Two Sides of the Beast is a good start for someone looking to get a feel for The Gun Club.  The mix of studio and live tracks covers the bases, and the song selection is good.  Unfortunately it’s not available on iTunes or CD… so I hope you still have your turntable!

The Gun Club – “Ahmed’s Wild Dream”

I was late getting on the Gun Club train (or, as Holly referred to them the other night after we’d had some wine, the “Glun Cub”).  In fact, I have to admit I’d never even heard of the band until a few months ago when I ran across a copy of Two Sides of the Beast at Easy Street Records.  After looking up the band on my trusty iPhone (thanks to my employer…), I figured they were worth a shot.  And I was right.

Fast forward to a trip to Tacoma last weekend, when we ran across about five different Gun Club titles on vinyl (and another on CD) at Hi-Voltage records, including some “unofficial” releases.  We picked them all up and have been working our way through the stack (along with some other LPs that already made it to the blog) this week.  While Gun Club is perhaps best known for their early releases Fire of Love and Miami, I’ve got a thing for live recordings, so I was really looking forward to spinning Ahmed’s Wild Dream.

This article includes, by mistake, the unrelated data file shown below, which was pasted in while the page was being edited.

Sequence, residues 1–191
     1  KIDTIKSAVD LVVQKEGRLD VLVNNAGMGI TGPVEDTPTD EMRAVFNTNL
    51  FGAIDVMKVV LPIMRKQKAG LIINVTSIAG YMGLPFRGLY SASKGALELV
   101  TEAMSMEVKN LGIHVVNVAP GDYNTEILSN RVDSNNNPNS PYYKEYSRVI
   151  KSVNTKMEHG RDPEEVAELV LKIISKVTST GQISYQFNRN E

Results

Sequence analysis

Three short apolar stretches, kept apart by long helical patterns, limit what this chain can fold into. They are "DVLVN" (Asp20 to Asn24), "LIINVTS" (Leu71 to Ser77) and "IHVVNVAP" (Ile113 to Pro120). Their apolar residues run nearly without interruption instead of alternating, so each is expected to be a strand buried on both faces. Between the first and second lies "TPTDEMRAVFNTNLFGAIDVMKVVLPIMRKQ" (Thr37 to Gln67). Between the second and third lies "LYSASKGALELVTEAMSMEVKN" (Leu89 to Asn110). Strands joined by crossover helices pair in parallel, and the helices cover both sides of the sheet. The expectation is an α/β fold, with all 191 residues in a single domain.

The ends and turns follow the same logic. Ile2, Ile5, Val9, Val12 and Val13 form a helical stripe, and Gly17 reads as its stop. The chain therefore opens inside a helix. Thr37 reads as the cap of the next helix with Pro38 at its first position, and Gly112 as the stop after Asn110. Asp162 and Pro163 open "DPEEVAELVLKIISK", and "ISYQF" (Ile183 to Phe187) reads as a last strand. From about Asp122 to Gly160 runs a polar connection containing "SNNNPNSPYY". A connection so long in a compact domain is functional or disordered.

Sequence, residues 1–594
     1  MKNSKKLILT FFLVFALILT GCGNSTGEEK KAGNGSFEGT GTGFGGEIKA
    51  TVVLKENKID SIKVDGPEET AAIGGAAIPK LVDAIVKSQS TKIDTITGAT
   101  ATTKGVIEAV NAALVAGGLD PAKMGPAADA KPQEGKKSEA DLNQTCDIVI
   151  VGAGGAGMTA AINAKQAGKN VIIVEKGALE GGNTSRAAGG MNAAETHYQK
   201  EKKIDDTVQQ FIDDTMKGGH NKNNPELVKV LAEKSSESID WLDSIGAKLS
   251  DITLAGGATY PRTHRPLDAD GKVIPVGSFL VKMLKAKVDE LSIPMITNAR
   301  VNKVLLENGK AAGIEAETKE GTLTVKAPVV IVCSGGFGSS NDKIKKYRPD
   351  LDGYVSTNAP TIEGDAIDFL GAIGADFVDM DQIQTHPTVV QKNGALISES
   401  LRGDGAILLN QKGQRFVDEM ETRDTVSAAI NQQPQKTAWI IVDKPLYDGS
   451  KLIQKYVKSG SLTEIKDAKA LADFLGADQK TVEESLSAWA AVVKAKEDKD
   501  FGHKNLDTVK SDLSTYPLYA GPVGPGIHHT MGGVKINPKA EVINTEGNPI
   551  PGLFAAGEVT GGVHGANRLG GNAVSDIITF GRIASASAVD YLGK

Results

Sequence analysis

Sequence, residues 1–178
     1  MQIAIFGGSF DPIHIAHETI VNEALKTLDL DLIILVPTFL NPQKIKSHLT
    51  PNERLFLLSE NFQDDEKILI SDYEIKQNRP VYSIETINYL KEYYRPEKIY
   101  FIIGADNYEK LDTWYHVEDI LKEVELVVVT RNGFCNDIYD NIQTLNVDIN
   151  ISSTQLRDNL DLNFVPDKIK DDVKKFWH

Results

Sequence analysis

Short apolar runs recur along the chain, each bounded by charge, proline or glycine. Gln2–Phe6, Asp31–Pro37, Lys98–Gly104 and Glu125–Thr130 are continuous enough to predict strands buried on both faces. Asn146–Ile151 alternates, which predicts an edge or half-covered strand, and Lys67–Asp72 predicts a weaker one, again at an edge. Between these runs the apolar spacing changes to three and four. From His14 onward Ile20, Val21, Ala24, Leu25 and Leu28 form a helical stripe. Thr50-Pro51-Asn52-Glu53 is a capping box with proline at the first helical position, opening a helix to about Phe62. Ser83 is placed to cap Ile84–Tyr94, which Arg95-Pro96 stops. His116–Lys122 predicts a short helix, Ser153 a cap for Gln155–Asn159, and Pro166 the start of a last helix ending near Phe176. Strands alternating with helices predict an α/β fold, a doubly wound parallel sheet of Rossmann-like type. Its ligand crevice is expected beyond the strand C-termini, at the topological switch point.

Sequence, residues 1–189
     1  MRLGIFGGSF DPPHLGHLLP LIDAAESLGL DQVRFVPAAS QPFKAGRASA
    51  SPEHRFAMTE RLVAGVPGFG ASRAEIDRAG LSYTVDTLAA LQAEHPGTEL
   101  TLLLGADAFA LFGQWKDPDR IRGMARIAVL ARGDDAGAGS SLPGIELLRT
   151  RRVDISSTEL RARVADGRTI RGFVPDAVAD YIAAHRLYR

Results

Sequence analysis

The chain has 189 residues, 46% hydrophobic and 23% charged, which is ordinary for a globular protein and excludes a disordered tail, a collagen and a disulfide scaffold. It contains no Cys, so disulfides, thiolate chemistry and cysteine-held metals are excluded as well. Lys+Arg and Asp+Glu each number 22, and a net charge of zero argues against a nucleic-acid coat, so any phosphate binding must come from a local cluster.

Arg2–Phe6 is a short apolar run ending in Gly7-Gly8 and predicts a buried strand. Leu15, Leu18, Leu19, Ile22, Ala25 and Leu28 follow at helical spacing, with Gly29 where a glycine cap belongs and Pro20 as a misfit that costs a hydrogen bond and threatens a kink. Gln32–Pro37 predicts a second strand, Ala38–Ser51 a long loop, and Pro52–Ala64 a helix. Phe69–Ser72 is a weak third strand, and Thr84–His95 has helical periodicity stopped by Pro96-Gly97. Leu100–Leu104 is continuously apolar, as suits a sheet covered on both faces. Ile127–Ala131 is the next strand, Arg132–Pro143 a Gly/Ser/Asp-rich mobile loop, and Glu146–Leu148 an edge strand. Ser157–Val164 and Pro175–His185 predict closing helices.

Originally released in 1992/93, Ahmed’s Wild Dream was also re-released in 2008, and that’s the version I have.  The two record set is primarily live recordings, along with a couple of demos.  Unlike some of the other Gun Club live albums I’ve heard, the quality here is very good – both in terms of the actual sound as well as Pierce’s vocals.  It really seems like an effort was made to pick some of the better live recordings, and the tracks are a bit faster paced and cleaner vocally, making them that much more enjoyable (than, for instance, Sexy Beat ’81 (oddly enough the second album I’ve referenced here in less than two weeks with the word “Sexy” in the title… paging Dr. Freud… Dr. Freud please…)).